Last night I decided to try placing a "heartbeat" Teddy in Waffles' crate to help her sleep and her screetches seemed to subside, but suddenly Alfie was whining confused by the noise. And, the heartbeat, which was on a timer, only helped for so long. Waffles was awake in a couple of hours screaming again. This may have been more bearable if I didn't have to be up at the crack of dawn to bring her to the vets for her spaying. As I loaded her in the car, she began to make these loud horrible pug snorts -- I have never had this breathing problem with my other pugs -- and I began to fear that nasal surgery might be in her future.
Driving to the vet's Waffles sat beside me on the driver's seat because she had worked her way out of the harness in the back. Again, visions of a late night return to Pugdom filled my head. My friend Joan has so many pugs she may not even notice Waffles for awhile I thought. "What am I going to do with you," I asked Waffles. And, I still don't know.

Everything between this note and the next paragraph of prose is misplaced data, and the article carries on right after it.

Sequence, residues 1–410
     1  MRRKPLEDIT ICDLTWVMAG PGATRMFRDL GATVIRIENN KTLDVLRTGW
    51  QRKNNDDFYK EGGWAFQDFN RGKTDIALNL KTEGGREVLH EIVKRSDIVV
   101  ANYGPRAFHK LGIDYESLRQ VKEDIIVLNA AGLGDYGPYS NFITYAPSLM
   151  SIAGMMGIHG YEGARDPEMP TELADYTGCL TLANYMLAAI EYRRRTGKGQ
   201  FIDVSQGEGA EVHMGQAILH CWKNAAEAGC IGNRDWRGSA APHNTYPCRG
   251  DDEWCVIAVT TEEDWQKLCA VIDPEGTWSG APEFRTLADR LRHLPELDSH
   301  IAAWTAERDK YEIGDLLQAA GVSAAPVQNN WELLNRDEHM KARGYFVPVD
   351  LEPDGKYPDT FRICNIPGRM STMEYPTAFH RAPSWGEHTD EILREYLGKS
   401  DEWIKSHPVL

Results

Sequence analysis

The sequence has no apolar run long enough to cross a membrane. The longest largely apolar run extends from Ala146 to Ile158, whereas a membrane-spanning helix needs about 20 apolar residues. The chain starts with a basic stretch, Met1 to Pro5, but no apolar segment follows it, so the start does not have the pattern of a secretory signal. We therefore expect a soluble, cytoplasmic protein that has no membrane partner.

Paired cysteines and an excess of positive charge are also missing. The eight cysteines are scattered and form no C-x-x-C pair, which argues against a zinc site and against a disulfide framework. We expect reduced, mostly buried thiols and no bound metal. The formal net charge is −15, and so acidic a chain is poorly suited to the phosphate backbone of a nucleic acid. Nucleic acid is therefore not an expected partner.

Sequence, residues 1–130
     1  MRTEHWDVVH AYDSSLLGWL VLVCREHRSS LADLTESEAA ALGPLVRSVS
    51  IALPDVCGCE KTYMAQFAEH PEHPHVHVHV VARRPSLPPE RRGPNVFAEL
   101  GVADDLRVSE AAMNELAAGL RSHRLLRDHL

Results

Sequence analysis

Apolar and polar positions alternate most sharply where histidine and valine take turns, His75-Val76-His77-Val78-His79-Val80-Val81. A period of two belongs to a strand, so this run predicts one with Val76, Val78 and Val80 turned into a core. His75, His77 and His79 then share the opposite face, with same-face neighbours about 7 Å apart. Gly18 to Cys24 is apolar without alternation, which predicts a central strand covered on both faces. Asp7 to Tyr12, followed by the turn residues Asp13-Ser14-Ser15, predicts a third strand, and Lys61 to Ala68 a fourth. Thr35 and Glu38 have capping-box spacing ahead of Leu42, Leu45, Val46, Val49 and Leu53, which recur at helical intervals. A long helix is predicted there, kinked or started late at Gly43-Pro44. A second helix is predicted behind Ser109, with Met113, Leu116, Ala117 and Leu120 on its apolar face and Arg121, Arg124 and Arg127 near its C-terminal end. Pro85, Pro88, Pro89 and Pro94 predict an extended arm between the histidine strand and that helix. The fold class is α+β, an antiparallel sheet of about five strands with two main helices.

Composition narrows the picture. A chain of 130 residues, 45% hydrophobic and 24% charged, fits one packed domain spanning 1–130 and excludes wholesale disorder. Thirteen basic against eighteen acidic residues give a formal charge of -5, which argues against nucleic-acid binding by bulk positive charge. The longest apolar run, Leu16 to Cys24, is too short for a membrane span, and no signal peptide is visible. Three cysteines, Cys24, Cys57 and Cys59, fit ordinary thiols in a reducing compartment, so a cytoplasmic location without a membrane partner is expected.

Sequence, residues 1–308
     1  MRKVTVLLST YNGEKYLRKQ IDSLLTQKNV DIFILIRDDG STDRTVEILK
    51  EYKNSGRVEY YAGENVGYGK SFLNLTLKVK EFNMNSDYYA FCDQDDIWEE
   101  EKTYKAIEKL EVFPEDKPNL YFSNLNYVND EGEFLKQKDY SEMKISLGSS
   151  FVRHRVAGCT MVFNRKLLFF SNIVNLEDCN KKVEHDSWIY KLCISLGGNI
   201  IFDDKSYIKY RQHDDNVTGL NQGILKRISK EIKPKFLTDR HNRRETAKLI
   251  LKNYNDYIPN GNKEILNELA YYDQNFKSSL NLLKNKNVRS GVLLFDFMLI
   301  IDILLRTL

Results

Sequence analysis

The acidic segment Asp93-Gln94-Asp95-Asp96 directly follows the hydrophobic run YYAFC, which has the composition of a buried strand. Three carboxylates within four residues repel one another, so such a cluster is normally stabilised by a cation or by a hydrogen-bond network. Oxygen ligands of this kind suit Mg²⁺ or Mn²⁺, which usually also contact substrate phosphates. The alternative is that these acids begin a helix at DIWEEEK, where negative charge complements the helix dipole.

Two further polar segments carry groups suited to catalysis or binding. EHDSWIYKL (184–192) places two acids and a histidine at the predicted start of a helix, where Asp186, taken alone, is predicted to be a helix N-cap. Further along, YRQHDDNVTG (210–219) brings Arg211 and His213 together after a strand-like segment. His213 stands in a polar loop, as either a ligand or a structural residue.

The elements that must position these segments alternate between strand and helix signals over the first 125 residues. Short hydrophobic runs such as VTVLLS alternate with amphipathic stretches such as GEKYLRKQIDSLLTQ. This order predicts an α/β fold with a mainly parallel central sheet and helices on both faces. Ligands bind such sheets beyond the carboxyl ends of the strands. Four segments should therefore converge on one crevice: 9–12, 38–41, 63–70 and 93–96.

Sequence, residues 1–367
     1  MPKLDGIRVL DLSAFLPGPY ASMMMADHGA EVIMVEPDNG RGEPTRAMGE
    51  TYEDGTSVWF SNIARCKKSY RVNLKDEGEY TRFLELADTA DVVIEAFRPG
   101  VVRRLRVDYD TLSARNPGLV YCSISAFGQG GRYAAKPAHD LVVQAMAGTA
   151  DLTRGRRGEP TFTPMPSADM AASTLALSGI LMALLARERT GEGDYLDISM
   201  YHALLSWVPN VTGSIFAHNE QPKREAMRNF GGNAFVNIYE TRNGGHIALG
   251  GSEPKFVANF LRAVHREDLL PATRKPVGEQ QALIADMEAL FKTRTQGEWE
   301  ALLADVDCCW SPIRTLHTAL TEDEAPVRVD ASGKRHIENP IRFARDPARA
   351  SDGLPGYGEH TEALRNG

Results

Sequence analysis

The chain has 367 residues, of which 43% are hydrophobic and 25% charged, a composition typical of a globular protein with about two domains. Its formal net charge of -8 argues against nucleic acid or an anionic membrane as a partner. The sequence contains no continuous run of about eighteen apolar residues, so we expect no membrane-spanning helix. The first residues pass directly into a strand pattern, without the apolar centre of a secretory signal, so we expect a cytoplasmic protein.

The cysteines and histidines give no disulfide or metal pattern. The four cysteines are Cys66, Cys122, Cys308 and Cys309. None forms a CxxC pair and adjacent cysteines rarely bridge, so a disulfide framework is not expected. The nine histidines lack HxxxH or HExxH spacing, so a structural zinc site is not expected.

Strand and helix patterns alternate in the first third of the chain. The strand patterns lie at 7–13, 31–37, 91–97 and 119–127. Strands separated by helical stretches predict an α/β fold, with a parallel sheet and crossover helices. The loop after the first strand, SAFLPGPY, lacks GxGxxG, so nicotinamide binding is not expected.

But as I looked down at the petite, black bundle snorting away in the seat next to me, a new thought emerged. What if something happens to her? I am responsible. This is my little girl. My visions of sneaking her back turned to once again sneaking her away, this time from the veterinarian. But I did the responsible thing. Five hours later, the vet called to tell me she had come through fine.
Her report informed me that she was a joy and was very relaxed and comfortable recovering in her crate. Oh no, I thought and not for the first time, I got the wrong dog -- no way my Waffles is comfortable in a crate, but as she snuggled in my arms, letting out a long sigh, I had a vision of the future and realized that she might just be a joy.